- 24 Aug 18
The Catholic Church's negative views on homosexuality led Leo Kilroy to convert to the Church of Ireland, where he now works for the full inclusion of the LGBT community.
'If a man lies with a male as with a woman, both of them have committed an abomination; they shall surely be put to death; their blood is upon them.' (Leviticus 20:13)
For two thousand years, Christians have based their views on homosexuality on this verse. Whilst a small collection of Churches are beginning to open their arms and embrace queer members of faith, the Catholic Church has kept its doors firmly shut.
The upcoming visit of the Pope has set tongues wagging, with many pondering whether he will properly and unequivocally recognise LGBT people at the World Meeting of Families in Phoenix Park. There has been no comment on whether same-sex parents will even be represented.
Despite many people insisting that the Pope looks favourably on LGBT people, the comments he has made still condemn the actions of homosexual love. From comparing transgender people to nuclear weapons, to saying how he found it 'painful' to see 'varied' families, the truth is that Francis' views are anything but progressive.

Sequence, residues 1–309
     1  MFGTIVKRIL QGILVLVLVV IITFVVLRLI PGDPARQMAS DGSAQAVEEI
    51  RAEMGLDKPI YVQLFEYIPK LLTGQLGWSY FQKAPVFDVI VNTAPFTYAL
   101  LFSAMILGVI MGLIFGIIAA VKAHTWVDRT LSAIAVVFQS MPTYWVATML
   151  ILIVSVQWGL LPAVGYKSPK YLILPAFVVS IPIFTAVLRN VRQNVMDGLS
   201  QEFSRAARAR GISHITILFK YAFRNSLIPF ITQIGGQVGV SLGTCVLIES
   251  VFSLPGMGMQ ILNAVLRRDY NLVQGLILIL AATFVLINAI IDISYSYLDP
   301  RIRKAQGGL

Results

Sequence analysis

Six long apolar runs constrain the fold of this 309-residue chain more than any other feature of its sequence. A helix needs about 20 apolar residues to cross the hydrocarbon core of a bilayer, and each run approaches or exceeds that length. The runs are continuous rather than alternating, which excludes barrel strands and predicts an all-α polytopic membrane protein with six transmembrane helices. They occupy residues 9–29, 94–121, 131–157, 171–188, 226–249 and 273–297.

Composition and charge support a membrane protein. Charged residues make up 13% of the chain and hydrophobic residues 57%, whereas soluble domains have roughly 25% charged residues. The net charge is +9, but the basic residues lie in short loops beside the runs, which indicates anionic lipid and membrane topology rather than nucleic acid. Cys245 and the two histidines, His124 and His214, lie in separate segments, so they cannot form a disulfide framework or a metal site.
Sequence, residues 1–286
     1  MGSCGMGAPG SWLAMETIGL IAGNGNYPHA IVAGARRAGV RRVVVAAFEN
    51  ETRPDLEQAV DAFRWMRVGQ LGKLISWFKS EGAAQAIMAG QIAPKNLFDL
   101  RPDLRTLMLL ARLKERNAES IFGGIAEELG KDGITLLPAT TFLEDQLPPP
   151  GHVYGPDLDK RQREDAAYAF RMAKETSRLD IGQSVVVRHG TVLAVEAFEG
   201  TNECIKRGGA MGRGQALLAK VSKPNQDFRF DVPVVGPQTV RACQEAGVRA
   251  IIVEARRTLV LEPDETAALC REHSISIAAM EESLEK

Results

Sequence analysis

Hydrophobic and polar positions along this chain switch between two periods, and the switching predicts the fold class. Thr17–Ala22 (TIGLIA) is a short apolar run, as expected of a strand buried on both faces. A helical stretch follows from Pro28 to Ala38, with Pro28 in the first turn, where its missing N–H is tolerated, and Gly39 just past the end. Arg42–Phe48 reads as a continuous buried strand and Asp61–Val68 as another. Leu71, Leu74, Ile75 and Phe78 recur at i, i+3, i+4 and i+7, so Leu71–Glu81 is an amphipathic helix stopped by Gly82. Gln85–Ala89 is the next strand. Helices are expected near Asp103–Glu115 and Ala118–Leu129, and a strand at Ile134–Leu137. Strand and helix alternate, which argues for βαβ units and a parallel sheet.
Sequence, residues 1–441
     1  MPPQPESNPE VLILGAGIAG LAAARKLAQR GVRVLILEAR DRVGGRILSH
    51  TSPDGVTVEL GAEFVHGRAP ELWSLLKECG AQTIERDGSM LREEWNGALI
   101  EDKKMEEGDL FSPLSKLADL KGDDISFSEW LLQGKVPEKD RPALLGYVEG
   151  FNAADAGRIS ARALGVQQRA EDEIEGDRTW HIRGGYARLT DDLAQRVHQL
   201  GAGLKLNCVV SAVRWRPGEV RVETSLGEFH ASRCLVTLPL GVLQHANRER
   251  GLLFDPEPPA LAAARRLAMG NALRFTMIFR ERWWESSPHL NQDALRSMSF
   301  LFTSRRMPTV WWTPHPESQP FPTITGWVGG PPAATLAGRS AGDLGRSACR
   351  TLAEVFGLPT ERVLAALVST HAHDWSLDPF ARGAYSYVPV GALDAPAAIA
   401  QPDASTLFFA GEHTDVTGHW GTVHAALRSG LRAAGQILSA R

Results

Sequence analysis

It was years of shame and negative language towards gay people that drove Leo Kilroy away from the Catholic faith, and into a space where he could express his faith whilst still living openly as a gay man. Serving as Honorary Secretary of Changing Attitudes Ireland, which works for the full inclusion of LGBT into the Church of Ireland, Kilroy spoke to HP about his relationship with Christianity.
"From me and my partner's point of view, we decided we wanted to be part of faith community," says Kilroy. "We were both involved in Christ Church Cathedral. We were very accepted in the Church of Ireland community and both had active roles."
Kilroy talked of how he felt comfortable walking into Church holding his partner's hand - something he would never have felt comfortable doing had he remained in the Catholic faith. He recalls sitting through hours of sermons condemning homosexual acts, polluting his outlook on what being gay meant.
"It was a very negative framing of perception," he reflects. "It prohibited my ability to come out because of the negative image being presented by Church - of who I was, and who I recognised I was. It was a very damaging and damning experience, and it was down to what the Church was saying. I felt a lack of connection to my faith, so I started exploring other Churches."
One of Changing Attitudes Ireland's long-term goals includes appointing queer people in the ministry and receiving blessings for LGBT couples who wish to marry. Having married his partner in a civil ceremony, Kilroy hopes that one day he can have his Church's blessing for his marriage. He is optimistic about achieving this. Ministers in Scotland and the USA have allowed same-sex couples to hold wedding ceremonies in churches.
"Our fight is for other people in ten years time, who wish to have a connection with the Church," says Kilroy. "Particularly at the point in their lives where they want to have a family and a Church-type celebration of that marriage."